Katie Gately brings film and sound design to her eye-opening debut LP
As tired as tags like “experimental club music” and “avant-garde pop” can be, albums like Color, Katie Gately’s spellbinding debut on Tri-Angle Records, come across every so often, simultaneously subverting and eschewing the conventions of both in ways that dazzle, shock and captivate.
Drawing on her studies and work in film and sound design, Gately’s productions are often composed of countless layers (421 separate tracks, in the case of album opener “Lift”) of heavily affected clips of her own voice, found sounds and Foley recordings. These techniques have their roots in her time enrolled at University Of Southern California’s film school.
“USC’s film program tends to be directors, cinematographers, producers, but I applied specifically to study sound work,” she says. “I actually said, ‘I have no interest in directing, I just want to do sound’ when I applied, and somehow got in. I wound up taking a couple of electronic music courses there, too. They have really incredible facilities, and as soon as I realized I could use sound libraries and cartoon libraries, I was off and running. I got into trouble early on, though, while working on a film project. The director kept telling me that my sound design was too distracting. I got really carried away with these ocean sounds that were supposed to just be in the background.”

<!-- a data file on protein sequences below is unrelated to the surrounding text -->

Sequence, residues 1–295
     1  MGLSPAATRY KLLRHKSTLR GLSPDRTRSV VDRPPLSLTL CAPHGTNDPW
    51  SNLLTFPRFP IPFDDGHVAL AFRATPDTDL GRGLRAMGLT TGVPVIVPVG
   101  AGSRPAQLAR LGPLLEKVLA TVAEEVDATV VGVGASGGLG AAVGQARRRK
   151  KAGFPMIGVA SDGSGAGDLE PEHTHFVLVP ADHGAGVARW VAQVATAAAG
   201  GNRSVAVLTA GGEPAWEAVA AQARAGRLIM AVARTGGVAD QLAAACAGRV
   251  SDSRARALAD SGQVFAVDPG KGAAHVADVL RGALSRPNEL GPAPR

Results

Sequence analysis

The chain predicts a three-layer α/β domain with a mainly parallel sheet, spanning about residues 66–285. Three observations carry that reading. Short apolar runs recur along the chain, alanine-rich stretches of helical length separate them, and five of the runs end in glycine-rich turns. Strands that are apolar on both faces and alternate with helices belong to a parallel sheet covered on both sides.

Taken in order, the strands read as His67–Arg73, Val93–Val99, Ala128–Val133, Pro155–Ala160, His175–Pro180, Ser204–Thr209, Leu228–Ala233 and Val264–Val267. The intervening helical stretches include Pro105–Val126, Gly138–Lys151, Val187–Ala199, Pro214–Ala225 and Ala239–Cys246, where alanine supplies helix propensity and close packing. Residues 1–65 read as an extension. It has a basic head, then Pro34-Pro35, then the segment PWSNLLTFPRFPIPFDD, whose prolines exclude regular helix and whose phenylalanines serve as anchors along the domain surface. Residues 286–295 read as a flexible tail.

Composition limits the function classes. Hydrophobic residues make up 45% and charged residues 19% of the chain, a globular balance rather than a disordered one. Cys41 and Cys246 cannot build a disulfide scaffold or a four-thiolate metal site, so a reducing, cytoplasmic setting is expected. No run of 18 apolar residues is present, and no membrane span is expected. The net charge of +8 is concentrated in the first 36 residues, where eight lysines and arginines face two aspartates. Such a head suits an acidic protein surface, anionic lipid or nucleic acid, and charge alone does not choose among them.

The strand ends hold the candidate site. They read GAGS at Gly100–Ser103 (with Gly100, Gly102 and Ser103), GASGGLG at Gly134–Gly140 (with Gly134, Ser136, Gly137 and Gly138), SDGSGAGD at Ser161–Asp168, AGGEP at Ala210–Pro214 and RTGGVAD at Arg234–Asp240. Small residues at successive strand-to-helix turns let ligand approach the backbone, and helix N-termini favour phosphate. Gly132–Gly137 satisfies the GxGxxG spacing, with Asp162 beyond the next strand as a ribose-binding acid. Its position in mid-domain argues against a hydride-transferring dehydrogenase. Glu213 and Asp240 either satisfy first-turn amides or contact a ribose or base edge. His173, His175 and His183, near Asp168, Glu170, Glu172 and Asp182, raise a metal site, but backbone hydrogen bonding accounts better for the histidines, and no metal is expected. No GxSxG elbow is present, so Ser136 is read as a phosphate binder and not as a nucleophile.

While her heady, extended methods would easily drift into unlistenable territory in less nimble hands, Gately’s productions are defined by a genuine curiosity, nimbly dancing on the line between excess and just enough. “It’s always about how much can I add before it just sounds too crazy,” she says. “What’s the most obnoxious thing I can make the song do? How can I have it be just 49 percent obnoxious and 51 percent fun?”